38 For I have come down from heaven not to do my will but to do the will of him who sent me. 39 And this is the will of him who sent me, that I shall lose none of all those he has given me, but raise them up at the last day. 40 For my Father’s will is that everyone who looks to the Son and believes in him shall have eternal life, and I will raise them up at the last day.
Hebrews 2.9, 14–15
9 But we do see Jesus, who was made lower than the angels for a little while, now crowned with glory and honor because he suffered death, so that by the grace of God he might taste death for everyone.
14 Since the children have flesh and blood, he too shared in their humanity so that by his death he might break the power of him who holds the power of death-that is, the devil- 15 and free those who all their lives were held in slavery by their fear of death.
In Hong Kong, where I live, the celebration of Christmas, while almost completely secular in nature, is not lacking in spectacle. Shopping malls and housing estates construct elaborate, over-the top, displays of Santas and Christmas scenes. Fantastical lighting displays on high-rise buildings in the city center dazzle and amaze. And of course, there is no shortage of chocolates and various Christmas confections!
While I am certainly a fan of doing Christmas up right, it is quite easy to forget that for centuries, Christians celebrated the birth of Christ without utilizing electricity, massive prefabricated scenes, or die-cut signs and images.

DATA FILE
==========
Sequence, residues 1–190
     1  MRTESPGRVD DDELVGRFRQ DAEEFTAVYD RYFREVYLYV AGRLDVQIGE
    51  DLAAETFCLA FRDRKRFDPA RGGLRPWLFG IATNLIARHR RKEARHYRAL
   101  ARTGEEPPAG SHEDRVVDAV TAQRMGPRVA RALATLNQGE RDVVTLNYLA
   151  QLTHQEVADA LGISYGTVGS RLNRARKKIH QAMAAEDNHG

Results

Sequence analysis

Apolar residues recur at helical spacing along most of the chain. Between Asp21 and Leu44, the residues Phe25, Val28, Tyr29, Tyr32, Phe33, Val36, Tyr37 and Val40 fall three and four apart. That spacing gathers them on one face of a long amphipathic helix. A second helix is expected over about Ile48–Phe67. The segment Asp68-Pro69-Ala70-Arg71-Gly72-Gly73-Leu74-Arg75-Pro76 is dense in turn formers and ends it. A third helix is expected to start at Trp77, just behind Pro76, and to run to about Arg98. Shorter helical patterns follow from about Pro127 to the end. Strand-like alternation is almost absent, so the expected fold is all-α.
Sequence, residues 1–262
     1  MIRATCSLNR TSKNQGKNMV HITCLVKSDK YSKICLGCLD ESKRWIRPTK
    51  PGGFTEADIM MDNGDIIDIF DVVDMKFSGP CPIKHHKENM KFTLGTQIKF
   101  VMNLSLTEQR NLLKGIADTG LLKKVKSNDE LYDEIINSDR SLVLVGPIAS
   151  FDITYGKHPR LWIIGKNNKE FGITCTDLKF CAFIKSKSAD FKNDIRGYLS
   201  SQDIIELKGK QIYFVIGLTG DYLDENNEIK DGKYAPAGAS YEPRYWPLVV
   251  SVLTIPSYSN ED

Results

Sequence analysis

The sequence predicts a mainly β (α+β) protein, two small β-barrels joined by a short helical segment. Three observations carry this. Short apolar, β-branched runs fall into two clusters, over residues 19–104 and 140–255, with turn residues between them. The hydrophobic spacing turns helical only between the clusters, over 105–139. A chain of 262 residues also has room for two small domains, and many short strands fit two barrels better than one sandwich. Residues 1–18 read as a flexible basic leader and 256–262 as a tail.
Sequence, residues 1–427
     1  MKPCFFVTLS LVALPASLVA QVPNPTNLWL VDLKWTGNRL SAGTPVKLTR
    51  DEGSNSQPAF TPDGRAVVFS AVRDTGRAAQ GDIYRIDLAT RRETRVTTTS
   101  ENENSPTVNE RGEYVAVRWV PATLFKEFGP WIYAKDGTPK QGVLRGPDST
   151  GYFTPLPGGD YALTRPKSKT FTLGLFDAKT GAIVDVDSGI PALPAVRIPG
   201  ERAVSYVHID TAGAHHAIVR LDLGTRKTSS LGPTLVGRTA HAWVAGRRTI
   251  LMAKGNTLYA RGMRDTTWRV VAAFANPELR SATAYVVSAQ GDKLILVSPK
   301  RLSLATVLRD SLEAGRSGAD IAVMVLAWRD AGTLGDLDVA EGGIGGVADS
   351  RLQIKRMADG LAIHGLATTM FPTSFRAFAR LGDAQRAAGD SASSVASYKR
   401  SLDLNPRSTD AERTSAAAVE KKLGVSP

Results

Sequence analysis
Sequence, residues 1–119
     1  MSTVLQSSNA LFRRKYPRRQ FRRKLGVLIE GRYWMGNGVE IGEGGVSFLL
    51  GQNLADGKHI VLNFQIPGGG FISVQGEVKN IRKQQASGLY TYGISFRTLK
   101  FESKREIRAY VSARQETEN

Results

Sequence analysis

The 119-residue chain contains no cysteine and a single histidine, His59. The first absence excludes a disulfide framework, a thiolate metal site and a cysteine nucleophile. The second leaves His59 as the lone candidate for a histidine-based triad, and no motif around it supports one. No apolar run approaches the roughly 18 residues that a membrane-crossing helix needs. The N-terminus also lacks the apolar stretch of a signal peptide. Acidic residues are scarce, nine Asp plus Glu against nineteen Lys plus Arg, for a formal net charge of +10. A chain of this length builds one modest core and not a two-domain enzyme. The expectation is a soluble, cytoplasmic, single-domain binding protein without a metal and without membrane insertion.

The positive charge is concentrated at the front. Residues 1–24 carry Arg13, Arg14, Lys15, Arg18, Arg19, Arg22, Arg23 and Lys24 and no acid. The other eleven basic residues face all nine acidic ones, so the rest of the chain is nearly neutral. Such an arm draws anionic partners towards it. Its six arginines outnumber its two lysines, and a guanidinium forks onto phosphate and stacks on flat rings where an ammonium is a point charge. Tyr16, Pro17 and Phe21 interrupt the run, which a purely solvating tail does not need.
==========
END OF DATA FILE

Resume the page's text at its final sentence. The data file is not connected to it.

There is a beauty in nature’s simplicity that can easily be lost in the holiday extravaganza. Nature’s Christmas decorations abound: evergreen trees, beautiful red poinsettia flowers, mischievous mistletoe, natural flames of candlelight, and garland and wreaths of holly.
The use of holly as a decoration for the winter solstice has its roots in the practices of the ancient Druids, who used it as a symbol of hope, rebirth and even eternal life. As Christians began to formalize the celebration of Christ’s birth, pagan symbols were co-opted and transformed. The Church in medieval times began to endow the plant with decidedly Christian symbolism.
The sharp, pointy leaves representing the crown of thorns worn by Jesus and the bright red berries recalling the drops of blood shed for the salvation of humanity are depicted with honor in the British folk carol from the 18th century, “The Holly and the Ivy.”
The holly and the ivy,
When they are both full grown,
Of all the trees that are in the wood,
The holly bears the crown. The holly bears a berry,
As red as any blood,
And Mary bore sweet Jesus Christ
For to do us sinners good.
While I generally prefer not to conflate the seasons of Advent and Lent, for they do serve uniquely different purposes on the Church calendar, we can nonetheless take great joy in recognizing the end game of the holy infant who was born to be a King. The shape of the holly leaves is said to resemble flames, reminding us of the burning love of God for his people, a love that would send God’s own Son to die on our behalf.
Let us take great joy in the grace that came down at Christmas. Along with all creation, we can celebrate God’s goodness and love!
The rising of the sun
And the running of the deer,
The playing of the merry organ,
Sweet singing in the choir.
Originally published at https://theparkforum.org.